ISSN (Print) - 0012-9976 | ISSN (Online) - 2349-8846

Commentary

The regulation of states’ public debt raises important questions about federal fiscal relationships that are brought to the fore by the ongoing court battle between the union and the Kerala government. The use of extra-budgetary borrowings to finance fiscal deficits compromises the transparency of budget figures. A consensus rather than court intervention is needed to resolve this.

The politics of images becomes crucial in the 2024 elections because the narratives of democracy and governance became almost stereotypically fixed. In fact, the repetition of narratives turns into symbols and symbols contribute in the making of the image of leaders in politics. This may evolve as a war of images between the images of various political leaders who are contesting to acquire power in the coming elections.

While the multi-member Election Commission is unequivocal (since October 1993), the Chief Election Commissioner and Other Election Commissioners (Appointment, Conditions of Service and Term of Office) Act, 2023, rather than comprehending and strengthening plurality, tends to have focused on the prism of the single-member commission (as envisioned by Article 324). Thus, a host of dynamics in the multi-member commission—inter-commissioner relations and status—have been left in the lurch, and this is not likely to bolster the integrity and efficacy of the “guardian of Indian democracy.”

Daniel Kahneman’s pioneering work, such as prospect theory, heuristics, cognitive biases, loss aversion, and the dichotomy between intuitive and deliberative thinking, challenged the pillars of mainstream economics and laid the foundations for the emerging field of behavioural economics. Kahneman’s enduring legacy lies in reshaping our understanding of the complexities of human behaviour, decision-making processes, and the limits of rational-choice theory.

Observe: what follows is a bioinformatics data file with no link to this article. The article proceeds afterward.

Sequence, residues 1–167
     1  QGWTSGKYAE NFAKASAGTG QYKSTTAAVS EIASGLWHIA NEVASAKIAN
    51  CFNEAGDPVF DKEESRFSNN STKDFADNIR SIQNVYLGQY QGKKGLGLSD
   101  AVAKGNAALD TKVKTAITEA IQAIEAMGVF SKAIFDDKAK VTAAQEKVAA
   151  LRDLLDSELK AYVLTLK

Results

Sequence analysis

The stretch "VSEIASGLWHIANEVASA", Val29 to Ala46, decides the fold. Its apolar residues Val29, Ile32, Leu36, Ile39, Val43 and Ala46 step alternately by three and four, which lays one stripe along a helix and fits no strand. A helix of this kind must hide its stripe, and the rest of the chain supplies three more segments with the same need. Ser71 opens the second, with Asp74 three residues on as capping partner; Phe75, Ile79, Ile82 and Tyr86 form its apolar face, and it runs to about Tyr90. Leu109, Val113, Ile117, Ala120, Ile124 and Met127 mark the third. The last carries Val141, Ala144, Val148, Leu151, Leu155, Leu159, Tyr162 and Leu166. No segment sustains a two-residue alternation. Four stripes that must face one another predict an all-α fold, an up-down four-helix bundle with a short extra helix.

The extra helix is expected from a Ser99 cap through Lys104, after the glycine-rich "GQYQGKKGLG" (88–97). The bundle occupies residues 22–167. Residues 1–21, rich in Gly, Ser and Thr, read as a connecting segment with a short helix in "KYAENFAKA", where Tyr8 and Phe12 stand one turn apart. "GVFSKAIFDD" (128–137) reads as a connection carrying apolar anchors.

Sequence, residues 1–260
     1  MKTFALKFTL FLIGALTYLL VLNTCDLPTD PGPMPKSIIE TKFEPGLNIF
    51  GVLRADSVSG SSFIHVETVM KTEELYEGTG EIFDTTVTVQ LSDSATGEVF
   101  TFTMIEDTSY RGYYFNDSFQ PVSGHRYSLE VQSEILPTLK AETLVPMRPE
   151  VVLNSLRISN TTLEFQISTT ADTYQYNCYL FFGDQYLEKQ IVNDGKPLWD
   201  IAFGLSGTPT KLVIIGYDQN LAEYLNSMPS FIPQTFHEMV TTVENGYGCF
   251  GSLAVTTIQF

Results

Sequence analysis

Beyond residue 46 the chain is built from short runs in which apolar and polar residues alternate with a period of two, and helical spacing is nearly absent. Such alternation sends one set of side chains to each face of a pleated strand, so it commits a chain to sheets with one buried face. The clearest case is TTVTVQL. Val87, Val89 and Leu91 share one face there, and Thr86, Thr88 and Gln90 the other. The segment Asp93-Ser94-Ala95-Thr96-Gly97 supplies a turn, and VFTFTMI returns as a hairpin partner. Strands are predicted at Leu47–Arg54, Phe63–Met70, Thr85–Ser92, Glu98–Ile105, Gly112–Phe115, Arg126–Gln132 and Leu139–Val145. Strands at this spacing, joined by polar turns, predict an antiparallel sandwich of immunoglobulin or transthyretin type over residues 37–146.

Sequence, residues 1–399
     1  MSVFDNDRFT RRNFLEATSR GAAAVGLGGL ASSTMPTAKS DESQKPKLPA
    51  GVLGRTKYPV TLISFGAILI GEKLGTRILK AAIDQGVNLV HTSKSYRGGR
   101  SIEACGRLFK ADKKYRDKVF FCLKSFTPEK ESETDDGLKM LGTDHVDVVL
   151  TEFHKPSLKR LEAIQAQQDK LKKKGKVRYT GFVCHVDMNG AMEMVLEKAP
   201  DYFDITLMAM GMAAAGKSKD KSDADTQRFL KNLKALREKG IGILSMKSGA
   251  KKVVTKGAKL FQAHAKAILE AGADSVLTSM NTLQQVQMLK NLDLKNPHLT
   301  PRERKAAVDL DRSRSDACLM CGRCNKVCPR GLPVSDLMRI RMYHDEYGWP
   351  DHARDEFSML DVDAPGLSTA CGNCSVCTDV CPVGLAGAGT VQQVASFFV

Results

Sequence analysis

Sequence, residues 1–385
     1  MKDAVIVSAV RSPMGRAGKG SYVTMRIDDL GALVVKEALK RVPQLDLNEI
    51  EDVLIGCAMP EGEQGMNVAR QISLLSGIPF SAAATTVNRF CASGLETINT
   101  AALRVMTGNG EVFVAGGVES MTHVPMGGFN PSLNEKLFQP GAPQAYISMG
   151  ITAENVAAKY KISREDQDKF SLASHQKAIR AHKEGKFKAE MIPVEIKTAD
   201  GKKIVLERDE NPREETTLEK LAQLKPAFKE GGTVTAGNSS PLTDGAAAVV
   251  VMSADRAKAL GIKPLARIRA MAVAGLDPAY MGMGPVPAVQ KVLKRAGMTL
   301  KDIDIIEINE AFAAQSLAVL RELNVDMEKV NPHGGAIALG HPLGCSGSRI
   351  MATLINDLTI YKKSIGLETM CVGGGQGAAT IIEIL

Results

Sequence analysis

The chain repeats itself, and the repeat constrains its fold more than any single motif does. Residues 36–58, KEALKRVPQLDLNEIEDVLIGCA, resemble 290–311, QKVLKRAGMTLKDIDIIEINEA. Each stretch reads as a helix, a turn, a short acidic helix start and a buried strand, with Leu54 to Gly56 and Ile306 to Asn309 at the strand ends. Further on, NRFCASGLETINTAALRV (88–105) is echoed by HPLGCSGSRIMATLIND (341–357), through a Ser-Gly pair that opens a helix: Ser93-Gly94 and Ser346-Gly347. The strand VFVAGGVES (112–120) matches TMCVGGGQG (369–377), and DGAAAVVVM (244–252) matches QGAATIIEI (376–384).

The people’s health manifesto released by the Jan Swasthya Abhiyan presents a comprehensive yet realistic agenda for health sys­tem change in India in the context of the Lok Sabha elections.

A recent discussion paper published by the Niti Aayog evidently claimed that the incidence of poverty in India has sharply declined. Using the Alkire–Foster methodology of calculating the multidimensional poverty index, it suggests that from 2013 to 2023, the proportion of people classified as poor in India declined from 29.2% to 11.3%. This translates into 24.82 crore (or 248 million) people lifted out of poverty. This article is a critical response to the methodology and findings from the discussion paper.

Through the case of the Chennai–Salem project—a national highway project which comes under the ambit of the union government’s “Bharatmala Pariyojana”—this article focuses on the exemptions provided to national highway projects from the social impact assessment mandated by the Right to Fair Compensation and Transparency in Land Acquisition, Rehabilitation and Resettlement Act, 2013, highlighting its detrimental effects.

Estimates of infrastructure investment in India reveal that India is spending less than 5% of its gross domestic product on infrastructure. This is far below the country’s requirements. Recommendations to augment infrastructure investments are discussed to ensure that the lack of infrastructure does not become a binding constraint to economic growth.